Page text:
Supersizers: Historical Food + Comedy + Costumes = Win!

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The Supersizers Go… and The Supersizers Eat… are BBC TV documentaries that focus on the food eaten in different periods of (usually British) history. Restaurant critic Giles Coren and comedian Sue Perkins spend one week living the life of a couple in different historical eras, primarily discussing and eating the menus and dishes of the day. Both have an incredibly dry sense of humor that, coupled with the fact that Sue is a sometime vegetarian, creates comedy gold.

The show started as a one-off episode as part of a series that the BBC produced on the Edwardian era in 2007 (Edwardian Supersize Me). It was so successful that it launched two seasons in 2008 (The Supersizers Go…) and 2009 (The Supersizers Eat…), with each episode focusing on a different era.

The French Revolution: "The Supersizers experience the lives of Marie-Antoinette and King Louis XVI, devour a 5,000-calorie breakfast feast, try the exotic new vegetable craze, the potato, and also observe the advent of the restaurant."

The French Revolution: “The Supersizers experience the lives of Marie-Antoinette and King Louis XVI, devour a 5,000-calorie breakfast feast, try the exotic new vegetable craze, the potato, and also observe the advent of the restaurant.”

The “Supersizers” reference is to the documentary Supersize Me. Each show is book-ended by one or both of the hosts going to a doctor before and after a week of eating (and drinking) in various historical eras to see how the diet of the era affected their health. It’s actually quite surprising just how quickly things change in their bloodwork, etc., although I do question just how accurately they are eating and whether the fact that their diet changes so radically and so quickly affects anything.

The meals are prepared by chefs working from historical cookbooks and recipes, and there are various points at which food historians comment on (and sometimes eat) the food. Depending on the era, their diets tend to get really meat heavy, and not in a good way — we’re talking tongue or fish heads or coxcombs. They usually show you the food being cooked, although the emphasis is on the eating experience.

Looking at the raw ingredients with the chef in the French Revolution episode.

Looking at the raw ingredients with the chef in the French Revolution episode.

One thing I do wonder is whether they are actually being served accurate portions. For example, here’s one menu from the Elizabethan episode:

Dinner (taken between 11am and 2pm)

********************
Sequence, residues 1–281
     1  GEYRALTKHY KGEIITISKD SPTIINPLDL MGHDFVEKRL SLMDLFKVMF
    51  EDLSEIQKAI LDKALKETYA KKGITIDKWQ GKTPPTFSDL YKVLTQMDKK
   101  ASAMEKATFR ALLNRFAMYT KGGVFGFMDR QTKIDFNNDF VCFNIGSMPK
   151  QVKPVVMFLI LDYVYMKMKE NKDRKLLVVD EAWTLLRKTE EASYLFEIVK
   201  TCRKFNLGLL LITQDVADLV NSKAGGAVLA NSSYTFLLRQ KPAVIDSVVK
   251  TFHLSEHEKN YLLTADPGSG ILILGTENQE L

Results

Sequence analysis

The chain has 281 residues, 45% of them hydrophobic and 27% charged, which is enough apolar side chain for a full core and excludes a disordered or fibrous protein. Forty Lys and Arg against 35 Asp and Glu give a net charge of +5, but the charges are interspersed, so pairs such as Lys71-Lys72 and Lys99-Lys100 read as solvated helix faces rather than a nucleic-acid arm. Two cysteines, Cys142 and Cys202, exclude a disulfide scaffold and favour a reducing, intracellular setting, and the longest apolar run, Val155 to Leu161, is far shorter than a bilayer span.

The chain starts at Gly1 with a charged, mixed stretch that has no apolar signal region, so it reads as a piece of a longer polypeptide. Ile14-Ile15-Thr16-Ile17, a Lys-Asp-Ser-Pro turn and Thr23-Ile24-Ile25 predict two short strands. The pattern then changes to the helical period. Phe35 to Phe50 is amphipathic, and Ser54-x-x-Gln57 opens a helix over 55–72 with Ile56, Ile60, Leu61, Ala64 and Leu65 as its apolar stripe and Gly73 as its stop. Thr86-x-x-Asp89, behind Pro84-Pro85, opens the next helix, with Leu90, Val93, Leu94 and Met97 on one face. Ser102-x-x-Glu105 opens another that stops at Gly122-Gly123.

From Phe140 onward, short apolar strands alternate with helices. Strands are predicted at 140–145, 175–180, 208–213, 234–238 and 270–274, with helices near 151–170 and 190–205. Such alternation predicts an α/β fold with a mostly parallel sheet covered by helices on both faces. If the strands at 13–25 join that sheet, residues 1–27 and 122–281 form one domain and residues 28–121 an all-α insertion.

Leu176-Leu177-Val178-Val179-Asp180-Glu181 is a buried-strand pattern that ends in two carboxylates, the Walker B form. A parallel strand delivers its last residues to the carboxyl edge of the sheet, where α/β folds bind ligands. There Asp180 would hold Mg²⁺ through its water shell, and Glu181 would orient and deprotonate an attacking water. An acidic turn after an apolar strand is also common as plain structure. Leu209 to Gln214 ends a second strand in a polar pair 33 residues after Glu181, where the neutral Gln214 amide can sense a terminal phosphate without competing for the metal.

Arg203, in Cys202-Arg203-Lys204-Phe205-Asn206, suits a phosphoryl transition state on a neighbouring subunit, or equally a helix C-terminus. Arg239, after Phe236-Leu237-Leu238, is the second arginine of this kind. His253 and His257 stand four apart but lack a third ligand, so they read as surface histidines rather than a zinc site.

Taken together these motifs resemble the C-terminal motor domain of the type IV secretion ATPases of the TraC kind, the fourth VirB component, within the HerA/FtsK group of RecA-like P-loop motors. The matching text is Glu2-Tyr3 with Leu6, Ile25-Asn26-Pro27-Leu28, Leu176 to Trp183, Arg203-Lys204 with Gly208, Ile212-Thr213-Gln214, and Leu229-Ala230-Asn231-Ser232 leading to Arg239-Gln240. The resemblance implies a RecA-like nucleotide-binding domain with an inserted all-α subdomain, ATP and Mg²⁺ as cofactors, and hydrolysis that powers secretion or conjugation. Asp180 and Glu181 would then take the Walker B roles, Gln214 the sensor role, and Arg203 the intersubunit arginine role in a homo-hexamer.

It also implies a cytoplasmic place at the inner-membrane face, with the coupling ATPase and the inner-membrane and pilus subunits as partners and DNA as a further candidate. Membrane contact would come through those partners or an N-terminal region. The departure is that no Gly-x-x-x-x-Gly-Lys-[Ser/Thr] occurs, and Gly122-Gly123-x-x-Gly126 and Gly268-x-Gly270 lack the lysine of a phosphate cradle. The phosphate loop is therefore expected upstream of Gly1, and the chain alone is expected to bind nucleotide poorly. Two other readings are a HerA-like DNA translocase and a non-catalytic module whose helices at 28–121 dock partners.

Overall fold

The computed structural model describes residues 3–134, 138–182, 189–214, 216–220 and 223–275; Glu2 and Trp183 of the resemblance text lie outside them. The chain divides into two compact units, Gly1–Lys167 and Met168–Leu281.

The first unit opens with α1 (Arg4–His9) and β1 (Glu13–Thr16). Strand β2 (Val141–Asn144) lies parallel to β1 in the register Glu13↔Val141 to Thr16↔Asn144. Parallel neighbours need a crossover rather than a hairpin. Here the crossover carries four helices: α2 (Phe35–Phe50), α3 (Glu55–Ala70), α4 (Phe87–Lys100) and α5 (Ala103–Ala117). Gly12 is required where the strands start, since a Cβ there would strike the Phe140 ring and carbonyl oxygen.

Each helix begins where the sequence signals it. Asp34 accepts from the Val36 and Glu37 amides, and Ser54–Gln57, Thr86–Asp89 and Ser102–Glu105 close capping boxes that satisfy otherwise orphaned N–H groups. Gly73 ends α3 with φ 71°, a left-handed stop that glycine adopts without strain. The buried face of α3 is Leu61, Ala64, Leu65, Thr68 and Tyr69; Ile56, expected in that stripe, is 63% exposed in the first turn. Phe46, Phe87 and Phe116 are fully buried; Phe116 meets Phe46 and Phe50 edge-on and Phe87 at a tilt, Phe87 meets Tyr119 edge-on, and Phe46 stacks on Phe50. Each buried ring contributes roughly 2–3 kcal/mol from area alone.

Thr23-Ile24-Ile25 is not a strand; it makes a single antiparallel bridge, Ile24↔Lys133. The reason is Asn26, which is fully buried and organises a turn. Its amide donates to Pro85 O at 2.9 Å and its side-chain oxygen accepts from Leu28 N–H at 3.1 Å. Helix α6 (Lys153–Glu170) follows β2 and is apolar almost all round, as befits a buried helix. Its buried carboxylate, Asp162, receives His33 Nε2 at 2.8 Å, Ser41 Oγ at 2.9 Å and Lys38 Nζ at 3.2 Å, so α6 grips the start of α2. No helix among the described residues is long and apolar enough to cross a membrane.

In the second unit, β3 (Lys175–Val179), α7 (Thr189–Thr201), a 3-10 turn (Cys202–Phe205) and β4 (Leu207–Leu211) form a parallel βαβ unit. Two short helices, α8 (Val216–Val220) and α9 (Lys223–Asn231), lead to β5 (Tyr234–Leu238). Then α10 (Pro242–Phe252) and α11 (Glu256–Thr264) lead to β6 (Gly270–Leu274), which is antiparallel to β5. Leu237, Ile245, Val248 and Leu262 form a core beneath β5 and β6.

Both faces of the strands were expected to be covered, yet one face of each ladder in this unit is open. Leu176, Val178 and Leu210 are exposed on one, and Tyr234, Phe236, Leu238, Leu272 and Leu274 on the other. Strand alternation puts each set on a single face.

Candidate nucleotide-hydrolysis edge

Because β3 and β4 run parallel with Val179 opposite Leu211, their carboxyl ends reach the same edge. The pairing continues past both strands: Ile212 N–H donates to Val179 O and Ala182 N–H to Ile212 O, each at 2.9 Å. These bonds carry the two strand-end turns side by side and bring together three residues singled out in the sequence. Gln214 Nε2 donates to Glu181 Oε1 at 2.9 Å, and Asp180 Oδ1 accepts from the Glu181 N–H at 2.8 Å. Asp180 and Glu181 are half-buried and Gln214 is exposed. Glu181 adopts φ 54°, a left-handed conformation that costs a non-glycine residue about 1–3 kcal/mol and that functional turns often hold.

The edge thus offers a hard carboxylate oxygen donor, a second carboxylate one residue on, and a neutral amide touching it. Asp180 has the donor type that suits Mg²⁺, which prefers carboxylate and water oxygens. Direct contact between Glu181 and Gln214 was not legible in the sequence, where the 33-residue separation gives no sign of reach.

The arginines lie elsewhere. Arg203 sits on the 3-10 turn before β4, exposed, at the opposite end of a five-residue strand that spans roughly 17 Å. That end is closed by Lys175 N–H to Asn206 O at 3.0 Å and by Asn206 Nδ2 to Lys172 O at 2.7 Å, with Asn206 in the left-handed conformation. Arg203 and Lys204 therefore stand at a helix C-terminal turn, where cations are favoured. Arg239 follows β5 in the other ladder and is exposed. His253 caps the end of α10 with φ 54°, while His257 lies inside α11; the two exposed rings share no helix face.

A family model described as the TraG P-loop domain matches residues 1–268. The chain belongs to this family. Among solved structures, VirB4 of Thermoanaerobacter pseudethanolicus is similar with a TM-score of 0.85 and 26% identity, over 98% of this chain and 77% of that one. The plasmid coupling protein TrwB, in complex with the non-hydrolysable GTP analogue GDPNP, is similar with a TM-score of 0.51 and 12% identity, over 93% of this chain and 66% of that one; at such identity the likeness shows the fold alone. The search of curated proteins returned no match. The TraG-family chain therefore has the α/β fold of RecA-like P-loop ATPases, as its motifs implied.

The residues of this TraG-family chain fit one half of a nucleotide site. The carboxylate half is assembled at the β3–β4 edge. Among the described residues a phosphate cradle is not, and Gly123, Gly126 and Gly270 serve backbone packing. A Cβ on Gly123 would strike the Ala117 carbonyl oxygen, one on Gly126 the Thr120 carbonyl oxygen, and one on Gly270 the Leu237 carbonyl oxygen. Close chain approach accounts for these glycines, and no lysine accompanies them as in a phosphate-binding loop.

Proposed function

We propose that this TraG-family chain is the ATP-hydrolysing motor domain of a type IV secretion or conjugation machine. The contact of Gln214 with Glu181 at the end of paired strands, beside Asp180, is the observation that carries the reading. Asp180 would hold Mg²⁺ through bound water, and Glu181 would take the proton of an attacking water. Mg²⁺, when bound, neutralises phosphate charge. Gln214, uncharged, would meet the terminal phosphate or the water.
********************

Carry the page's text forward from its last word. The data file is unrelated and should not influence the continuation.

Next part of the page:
1st course: Pumpkin pie, meat pottage, stewed mutton steaks, manchet bread, small beer

2nd course: Capons with damsons, calf’s foot jelly, custard

The Supersizers Go...Elizabethan

The Supersizers Go…Elizabethan. In which they are served calf’s foot aspic, to which Sue says, “It’s the color of sadness.”

I wonder whether any of these menus were intended to feed large families and/or dinner parties rather than a couple (sometimes Giles and Sue have guests join them, but they’ll be served a menu like that just for the two of them)?

I mentioned above that Sue is a sometime vegetarian, but she’s always game and willing to try all of the various foods. Both she and Giles give often hilarious commentary on what they’re eating (Sue, on sucking the eyeball out of a cooked fish head: “It was like an oily plug of snotty, tense material.”). You also get their thoughts on the experience, including how they’re feeling (often, not well). I think the most hilarious episode for me is the Restoration, in which they ONLY drink alcohol for a week. Let’s just say being drunk for a week is NOT as fun as it sounds.

The Supersizers Go...Restoration. In which Giles and Sue eat meat, meat, and more meat and get completely dehydrated on alcohol.

The Supersizers Go…Restoration. In which Giles and Sue eat meat, meat, and more meat (“It’s just layers of sad, dead things”) and get completely dehydrated on alcohol.

To mix things up, both Giles and Sue will (separately or together) participate in various period-appropriate activities, like dance lessons or period games. Neither Giles nor Sue are historians, so both tend to approach these activities from a very modern viewpoint, and there’s a lot of “We’re so much more evolved now” and “Things were weird back then” that you have to put up with … but it’s usually entertaining, so I can let it slide. Sue has some choice commentary whenever she’s forced to sew or do embroidery (I like both activities, but I’m still amused by her modern feminist take on things).